Response of a coastal Baltic Sea diatom-dominated phytoplankton community to experimental heat shock and changing salinity

Stefanidou, Natassa, Genitsaris, Savvas, Lopez-Bautista, Juan, Sommer, Ulrich and Moustaka-Gouni, Maria (UNSPECIFIED) Response of a coastal Baltic Sea diatom-dominated phytoplankton community to experimental heat shock and changing salinity Oecologia, 191 (2). pp. 461-474. DOI 10.1007/s00442-019-04502-0.

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Climate change has been altering the ocean environment, affecting as a consequence the biological communities including microorganisms. We performed a mesocosm experiment to test whether biodiversity loss caused by one stressor would influence plankton community sensitivity to a subsequent stressor, as envisioned in Vinebrooke's multiple stressor concept. A natural Baltic Sea diatom-dominated phytoplankton assemblage was used as a model system where we examined whether a preceding heat shock would affect the community's response to changing salinity. Initially, the community was treated by a short-term temperature increase of 6 °C, which resulted in a loss of species compared to the control. Thereafter, the control and the heat-shocked communities were subject to a salinity change (- 5 psu, control, + 5 psu). The species Skeletonema dohrnii, Thalassiosira anguste-lineata, Thalassiosira nordenskioeldii, Chaetoceros socialis and Ditylum brightwellii were major components of the control and heat-shocked assemblages (> 80% of the total biomass). We examined the effect on species composition and biodiversity (morphospecies and operational taxonomic units (OTUs) related to phytoplankton) and on phytoplankton biomass. In addition, we explored the single species response of five dominant diatoms on these environmental perturbations. Our results showed that increased salinity significantly reduced the OTUs richness both in the control and the less diverse heated community as well as the phytoplankton biomass in the heated community. On the other hand, decreased salinity significantly increased species richness and phytoplankton biomass in both communities and OTUs richness in the control community. The five dominant diatoms reached their highest biomass under decreased salinity and responded negatively to increased salinity (lower biomass than ambient salinity). Contrary to Vinebrooke's multiple stressor concept, there was no indication that the heat treatment had altered the community's sensitivity to the salinity stress in our study system.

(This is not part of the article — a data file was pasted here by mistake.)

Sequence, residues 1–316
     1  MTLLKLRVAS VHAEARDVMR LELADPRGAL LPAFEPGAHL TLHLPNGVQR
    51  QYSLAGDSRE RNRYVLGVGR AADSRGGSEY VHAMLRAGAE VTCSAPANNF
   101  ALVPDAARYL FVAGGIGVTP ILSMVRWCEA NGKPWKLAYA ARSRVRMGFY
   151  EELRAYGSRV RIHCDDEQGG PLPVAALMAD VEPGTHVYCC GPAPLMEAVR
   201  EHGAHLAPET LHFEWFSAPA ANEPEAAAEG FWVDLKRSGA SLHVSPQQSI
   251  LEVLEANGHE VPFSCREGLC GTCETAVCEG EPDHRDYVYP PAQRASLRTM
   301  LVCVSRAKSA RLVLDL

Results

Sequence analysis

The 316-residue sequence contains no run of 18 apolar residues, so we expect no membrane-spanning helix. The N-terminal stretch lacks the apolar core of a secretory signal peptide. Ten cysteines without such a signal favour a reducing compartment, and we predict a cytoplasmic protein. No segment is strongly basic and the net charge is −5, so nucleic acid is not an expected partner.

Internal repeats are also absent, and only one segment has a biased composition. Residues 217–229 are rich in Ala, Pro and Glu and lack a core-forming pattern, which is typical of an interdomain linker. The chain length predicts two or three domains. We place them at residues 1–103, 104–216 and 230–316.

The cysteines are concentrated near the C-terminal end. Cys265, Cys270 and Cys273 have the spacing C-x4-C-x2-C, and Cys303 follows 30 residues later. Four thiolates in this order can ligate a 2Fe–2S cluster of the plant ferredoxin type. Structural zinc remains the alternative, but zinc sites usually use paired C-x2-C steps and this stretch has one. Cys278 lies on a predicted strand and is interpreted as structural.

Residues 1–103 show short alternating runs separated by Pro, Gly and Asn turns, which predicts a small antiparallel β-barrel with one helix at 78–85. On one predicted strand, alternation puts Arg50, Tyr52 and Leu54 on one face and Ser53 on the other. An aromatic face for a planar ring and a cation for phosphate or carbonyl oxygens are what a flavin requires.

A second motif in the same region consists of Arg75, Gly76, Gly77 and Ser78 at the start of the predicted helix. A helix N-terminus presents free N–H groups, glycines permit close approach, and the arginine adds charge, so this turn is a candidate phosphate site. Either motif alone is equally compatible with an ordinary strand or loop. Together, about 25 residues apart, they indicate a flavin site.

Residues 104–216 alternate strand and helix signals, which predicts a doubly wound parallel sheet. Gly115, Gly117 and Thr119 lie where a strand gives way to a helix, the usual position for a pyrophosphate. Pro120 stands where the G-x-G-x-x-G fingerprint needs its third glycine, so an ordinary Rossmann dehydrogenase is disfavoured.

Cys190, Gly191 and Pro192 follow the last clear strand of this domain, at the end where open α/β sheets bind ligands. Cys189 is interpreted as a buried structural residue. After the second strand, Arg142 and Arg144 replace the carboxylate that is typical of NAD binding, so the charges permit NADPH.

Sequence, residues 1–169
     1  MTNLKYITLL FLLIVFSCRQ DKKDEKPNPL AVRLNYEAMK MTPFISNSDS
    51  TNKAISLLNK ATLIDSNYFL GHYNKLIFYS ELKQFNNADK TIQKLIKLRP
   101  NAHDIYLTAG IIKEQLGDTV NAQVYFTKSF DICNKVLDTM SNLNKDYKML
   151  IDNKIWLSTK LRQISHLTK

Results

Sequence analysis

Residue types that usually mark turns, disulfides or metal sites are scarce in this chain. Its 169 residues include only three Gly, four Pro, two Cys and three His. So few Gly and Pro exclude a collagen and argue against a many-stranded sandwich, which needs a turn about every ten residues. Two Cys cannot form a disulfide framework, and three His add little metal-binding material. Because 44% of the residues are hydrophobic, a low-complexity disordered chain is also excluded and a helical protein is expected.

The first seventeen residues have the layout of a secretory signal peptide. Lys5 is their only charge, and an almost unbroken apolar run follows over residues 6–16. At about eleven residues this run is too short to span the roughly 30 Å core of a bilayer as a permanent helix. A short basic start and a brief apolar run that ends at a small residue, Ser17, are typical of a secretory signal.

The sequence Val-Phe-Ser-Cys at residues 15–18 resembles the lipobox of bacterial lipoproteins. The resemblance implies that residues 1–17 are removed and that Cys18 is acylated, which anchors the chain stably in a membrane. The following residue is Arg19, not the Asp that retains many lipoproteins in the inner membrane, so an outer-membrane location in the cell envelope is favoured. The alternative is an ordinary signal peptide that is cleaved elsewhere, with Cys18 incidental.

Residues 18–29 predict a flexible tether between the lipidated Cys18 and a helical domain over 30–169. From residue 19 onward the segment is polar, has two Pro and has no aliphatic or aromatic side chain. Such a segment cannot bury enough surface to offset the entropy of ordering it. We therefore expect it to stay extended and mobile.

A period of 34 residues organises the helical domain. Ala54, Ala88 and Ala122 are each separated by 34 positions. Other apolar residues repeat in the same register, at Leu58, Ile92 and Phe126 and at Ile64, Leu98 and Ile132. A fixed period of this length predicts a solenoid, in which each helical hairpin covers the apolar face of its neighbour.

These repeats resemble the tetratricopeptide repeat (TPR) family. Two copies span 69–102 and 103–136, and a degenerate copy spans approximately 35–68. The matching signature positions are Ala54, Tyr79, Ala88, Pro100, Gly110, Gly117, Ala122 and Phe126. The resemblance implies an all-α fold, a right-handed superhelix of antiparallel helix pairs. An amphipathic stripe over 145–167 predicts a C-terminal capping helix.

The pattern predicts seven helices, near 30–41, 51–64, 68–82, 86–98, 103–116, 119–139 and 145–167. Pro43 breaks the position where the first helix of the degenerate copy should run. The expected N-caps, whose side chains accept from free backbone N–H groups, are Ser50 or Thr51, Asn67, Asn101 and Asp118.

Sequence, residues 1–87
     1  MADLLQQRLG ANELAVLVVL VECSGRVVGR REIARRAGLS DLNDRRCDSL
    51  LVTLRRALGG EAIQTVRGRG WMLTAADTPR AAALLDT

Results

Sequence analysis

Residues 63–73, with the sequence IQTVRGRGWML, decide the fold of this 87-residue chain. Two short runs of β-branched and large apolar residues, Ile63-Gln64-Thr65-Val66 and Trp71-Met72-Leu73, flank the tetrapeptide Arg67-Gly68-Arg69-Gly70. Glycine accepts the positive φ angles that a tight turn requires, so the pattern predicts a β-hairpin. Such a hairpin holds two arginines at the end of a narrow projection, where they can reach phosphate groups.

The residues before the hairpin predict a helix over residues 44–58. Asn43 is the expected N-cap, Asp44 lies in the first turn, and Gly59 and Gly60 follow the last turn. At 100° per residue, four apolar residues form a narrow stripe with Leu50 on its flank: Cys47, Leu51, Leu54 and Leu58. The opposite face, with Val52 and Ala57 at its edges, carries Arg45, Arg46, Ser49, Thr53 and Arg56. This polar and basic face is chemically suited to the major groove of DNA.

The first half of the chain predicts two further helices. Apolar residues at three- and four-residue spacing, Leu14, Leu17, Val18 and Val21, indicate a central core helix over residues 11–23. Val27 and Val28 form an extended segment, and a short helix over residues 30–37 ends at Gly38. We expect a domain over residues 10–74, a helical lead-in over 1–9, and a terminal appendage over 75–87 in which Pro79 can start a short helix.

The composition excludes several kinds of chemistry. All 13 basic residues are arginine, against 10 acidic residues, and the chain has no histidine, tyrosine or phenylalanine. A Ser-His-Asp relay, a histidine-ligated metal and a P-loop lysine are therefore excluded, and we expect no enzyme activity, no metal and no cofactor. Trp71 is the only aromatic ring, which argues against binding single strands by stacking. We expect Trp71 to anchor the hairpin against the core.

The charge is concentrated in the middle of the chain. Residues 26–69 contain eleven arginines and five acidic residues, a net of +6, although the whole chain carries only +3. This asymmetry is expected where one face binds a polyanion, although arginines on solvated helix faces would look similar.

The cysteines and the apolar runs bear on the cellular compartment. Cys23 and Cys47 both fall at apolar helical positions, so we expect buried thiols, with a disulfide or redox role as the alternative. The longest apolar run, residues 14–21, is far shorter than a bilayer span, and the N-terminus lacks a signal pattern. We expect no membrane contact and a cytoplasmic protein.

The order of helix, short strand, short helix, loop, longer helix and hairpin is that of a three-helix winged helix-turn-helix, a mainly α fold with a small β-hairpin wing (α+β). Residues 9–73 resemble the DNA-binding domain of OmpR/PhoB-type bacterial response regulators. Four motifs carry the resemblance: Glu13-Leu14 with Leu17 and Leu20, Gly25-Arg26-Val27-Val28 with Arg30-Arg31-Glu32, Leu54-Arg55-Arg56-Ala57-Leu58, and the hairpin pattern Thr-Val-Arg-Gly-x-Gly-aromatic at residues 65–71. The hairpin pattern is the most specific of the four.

Document Type: Article
Keywords: Climate change; Interactive effects; 18S rRNA gene sequencing; Mesocosms
Research affiliation: OceanRep > GEOMAR > FB3 Marine Ecology > FB3-EOE-B Experimental Ecology - Benthic Ecology
Refereed: Yes
DOI etc.: 10.1007/s00442-019-04502-0
ISSN: 0029-8549
Date Deposited: 08 Oct 2019 11:03
Last Modified: 08 Oct 2019 11:03

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